December 11, 2016

Scientists Learn How Listeria Grows on Smoked Salmon

One of the biggest problems with the Listeria monocytogenes bacteria is that it grows at refrigerator temperatures. That means that refrigeration, one of the methods traditionally used to control bacterial growth on food, does not work for this pathogen. Now scientists are learning how Listeria grows in vacuum-packed smoked salmon.

Smoked Salmon FPBThe study, published in the journal American Society for Microbiology discovered that Listeria uses different metabolic pathways when it grows on salmon than those used when cultured in the laboratory. Principle investigator Dr. Teresa Bergholz, who is the assistant professor in the Department of Veterinary and Microbiological Sciences at North Dakota State University-Fargo said, “there may be ways we can use this information to control the pathogen both in foods as well as in infected people.”

When the bacteria grows on salmon, it up regulates genes that let it use two compounds from cell membranes as sources of energy. Listeria and Salmonella use those genes to grow in human gastrointestinal tracts too.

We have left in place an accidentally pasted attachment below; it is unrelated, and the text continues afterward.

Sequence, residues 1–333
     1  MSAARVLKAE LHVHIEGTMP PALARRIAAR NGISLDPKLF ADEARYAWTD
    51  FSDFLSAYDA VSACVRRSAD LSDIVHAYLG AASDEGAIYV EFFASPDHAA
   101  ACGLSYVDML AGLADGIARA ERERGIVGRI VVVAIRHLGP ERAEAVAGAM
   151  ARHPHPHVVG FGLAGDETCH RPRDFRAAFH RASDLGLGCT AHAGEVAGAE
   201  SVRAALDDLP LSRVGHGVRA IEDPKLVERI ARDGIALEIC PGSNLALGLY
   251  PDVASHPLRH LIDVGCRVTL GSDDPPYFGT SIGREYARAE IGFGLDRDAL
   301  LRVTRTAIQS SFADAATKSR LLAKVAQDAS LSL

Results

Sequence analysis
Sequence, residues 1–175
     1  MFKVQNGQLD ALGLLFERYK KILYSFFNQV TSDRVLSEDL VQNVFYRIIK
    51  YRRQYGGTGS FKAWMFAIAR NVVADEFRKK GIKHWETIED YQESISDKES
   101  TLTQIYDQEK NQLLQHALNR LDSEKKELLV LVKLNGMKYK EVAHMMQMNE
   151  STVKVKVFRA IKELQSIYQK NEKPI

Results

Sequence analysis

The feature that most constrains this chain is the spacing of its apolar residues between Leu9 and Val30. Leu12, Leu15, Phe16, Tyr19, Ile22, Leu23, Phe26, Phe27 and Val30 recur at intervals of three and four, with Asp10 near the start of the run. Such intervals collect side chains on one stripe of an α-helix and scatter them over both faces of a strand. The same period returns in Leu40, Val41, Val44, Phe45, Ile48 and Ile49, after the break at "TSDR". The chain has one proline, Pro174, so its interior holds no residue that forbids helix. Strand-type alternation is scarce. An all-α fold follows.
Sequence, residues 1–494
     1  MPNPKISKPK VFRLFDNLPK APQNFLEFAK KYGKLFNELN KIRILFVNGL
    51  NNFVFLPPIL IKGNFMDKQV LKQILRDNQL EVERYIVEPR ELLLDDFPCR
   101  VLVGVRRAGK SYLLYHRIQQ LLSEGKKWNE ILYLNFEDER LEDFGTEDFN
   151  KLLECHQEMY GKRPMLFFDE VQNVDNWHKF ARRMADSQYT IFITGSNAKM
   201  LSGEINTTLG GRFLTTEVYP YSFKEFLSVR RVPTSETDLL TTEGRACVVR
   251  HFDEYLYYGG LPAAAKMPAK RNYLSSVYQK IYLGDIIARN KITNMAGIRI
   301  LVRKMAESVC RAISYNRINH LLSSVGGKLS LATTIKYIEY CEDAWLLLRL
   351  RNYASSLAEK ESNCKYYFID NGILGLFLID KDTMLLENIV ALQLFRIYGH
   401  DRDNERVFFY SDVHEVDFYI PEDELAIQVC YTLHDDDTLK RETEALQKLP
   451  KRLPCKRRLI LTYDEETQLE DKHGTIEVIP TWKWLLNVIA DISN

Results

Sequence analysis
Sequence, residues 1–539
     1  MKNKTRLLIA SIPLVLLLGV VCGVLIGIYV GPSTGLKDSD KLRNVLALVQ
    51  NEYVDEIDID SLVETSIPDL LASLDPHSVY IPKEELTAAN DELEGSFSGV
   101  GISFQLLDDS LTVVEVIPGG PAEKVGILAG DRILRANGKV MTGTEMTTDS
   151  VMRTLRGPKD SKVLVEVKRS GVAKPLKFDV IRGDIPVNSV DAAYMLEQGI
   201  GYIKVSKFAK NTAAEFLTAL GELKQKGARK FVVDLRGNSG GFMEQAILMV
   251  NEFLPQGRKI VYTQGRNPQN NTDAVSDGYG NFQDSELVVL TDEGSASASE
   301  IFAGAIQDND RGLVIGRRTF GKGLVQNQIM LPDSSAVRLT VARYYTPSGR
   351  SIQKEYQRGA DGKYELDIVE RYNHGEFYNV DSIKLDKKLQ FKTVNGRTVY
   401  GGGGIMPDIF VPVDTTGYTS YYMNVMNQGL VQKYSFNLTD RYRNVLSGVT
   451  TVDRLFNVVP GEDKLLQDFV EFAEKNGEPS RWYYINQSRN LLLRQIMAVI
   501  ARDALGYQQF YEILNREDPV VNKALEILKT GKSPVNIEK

Bergholz continued, “understanding how a foodborne pathogen adapts to environmental stresses it encounters on a specific food could allow food microbiologists to develop inhibitors of metabolic or stress response pathways that are necessary for the pathogen to grow or survive on that product.” The environmental stresses in smoked salmon that would affect bacteria are salt content and pH.

Even when lab cultures are modified to mimic the pH and salt content in smoked salmon, the bacteria still act differently in the fish. Bergholz also said, “in many cases, the addition of organic acids will slow or stop the growth of this pathogen on ready to eat meats and seafood.”

Food safety experts recommend that those in high risk groups, such as the elderly, children, pregnant women, and those with chronic illnesses or compromised immune systems, avoid eating uncooked smoked salmon and other similar products. Those products can be heated to at least 165°F to kill the bacteria. Hot dogs, lunch meats, and cold cuts also fall into that category and should be cooked before serving.

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